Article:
At the meeting of the Directors when they took this action, the only complaint they made or any member of the Board made, was that I had accepted a bequest made to me ...
I am now undertaking this duty. July 1911- 3 years after my official relation has ceased that you may have a candid and truthful history of my efforts, (laudable) purposes, mistakes, obstacles and discouragements in my career as the successor of Dr. L. C. Lane as President of the College from 1902 to 1907.
I am writing this chapter of the history in justice to the memory of Dr. Lane and of myself and as a duty I feel to my Colleagues in the Medical Profession and also as a reply to the sensational newspaper criticisms and malicious insinuations emanating from my enemies in Cooper Medical College.
It may not be of much importance to you, my sons, nor my friends in the College Alumni and medical profession, but yet the time may come when truth and honesty will overcome falsities and prejudice and in the furtherance of that end, I am now writing down, after these long years of careful deliberation a statement of the facts, as I see them.
My Early Association with Dr. L C Lane:
In 1858 I graduated from Rush Medical College in Chicago after having served in many subordinate and unimportant positions in the College and as student assistant in the (office) service of Professor David Brainard its surgeon and President who was a warm friend, admirer and advisor to Dr. E. S .Cooper, and by whose kindly offices was largely responible for Dr. Coopers' coming from Illinois to San Francisco.
Dr. Lane the nephew of Dr. Cooper was well known to and highly esteemed by Dr. Brainard who, on my coming to California made us acquainted, which acquaintance resulted in my appointment as Professor of Physiology in the Medical College of the Pacific and intimate association and enduring friendship between Dr. Lane and myself, which has never been disturbed.
Early beginning of Medical Education on the Pacific Coast:
Dr. Paul Brainard was the founder and resourceful builder and Chief of Rush Medical College and Dr. Elias S. Cooper, when a young enthusiast in Surgery with an intimate knowledge of Dr. Brainards efforts and success in Medical Education in the West came first to Oregon and later to San Francisco inspired by a like ambition to found a school of medicine on the Pacific Coast.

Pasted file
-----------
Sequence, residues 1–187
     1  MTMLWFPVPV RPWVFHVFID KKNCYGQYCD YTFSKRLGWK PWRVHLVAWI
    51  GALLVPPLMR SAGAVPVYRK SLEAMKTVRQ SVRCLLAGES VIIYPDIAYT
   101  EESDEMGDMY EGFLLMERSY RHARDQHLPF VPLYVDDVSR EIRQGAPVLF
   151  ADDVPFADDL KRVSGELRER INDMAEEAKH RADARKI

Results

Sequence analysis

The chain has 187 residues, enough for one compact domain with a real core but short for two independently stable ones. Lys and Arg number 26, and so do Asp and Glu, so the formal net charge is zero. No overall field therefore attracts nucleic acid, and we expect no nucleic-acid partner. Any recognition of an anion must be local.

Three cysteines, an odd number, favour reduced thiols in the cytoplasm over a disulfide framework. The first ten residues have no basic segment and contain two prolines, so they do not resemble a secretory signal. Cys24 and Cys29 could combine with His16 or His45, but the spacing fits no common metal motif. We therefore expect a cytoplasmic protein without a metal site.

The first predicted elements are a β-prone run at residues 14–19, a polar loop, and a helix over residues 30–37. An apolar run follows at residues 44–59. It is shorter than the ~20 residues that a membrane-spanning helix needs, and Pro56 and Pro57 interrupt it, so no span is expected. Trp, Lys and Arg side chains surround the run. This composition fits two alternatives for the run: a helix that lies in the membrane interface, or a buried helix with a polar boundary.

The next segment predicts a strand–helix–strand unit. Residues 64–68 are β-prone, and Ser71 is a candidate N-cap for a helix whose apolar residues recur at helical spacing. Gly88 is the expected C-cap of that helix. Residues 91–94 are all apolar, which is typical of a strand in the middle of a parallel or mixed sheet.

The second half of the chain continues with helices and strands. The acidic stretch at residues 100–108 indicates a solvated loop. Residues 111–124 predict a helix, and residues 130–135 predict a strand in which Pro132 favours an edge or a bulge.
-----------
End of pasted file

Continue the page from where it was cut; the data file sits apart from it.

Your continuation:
He commanded the confidence, esteem, and cooperation of the Profession in San Francisco and during his brief but brilliant career he organized and successfully organized and conducted the Medical College of the Pacific, the first regular School of Medicine on the Pacific.
Before his early death, his nephew Dr. L C Lane had joined him in taking up an important work in the new College, and by his great ability, love for his profession and zeal in teaching for the relief of human suffering, he was well qualified to successfully go on with, and complete the great work which his uncle had begun.
It was with the reorganization of the Medical College of the Pacific that I came into the Faculty, at the solicitation of Dr. Lane, prompted no doubt by the commendation of me he had received from Dr. Brainard who been useful to both Dr. Cooper and himself in their Medical Education, taking the Chair of Physiology, and devoted much of my time also to the free Dispensary and Clinic service at the College building in Stockton Street.
This service grew into an important clinical opportunity for the students, and the instructors in the College and inspired us with enthusiasm in practice and teaching the few students then in the college.
Such was my introduction to Dr. Lane and the College work which grew more and more into my life and work which continued to command my devotion during my whole career and brought me into constant and intimate association with Dr. Lane through the several changes in the College organization from the beginning in the Medical College of the Pacific to the time of his death as the President of Cooper Medical College.
My appointment as Surgeon in charge of the U. S. Marine Hospital Service in 1872 gave me added clinical facilities for teaching our College students.
At Dr. Lane's request I accepted the Chair of Clinical Surgery with College service in the City and County Hospital.
Throughout all our years of my association with Dr. Lane in our college work my services and devotion to my duties so commended me and my career to his approval and consideration that in the last years of his life he advised with me most confidentially in the College management, and with painstaking care impressed me with his reasoning on College problems and finally he designated me to succeed him as President and he so informed Mrs. Lane and also myself.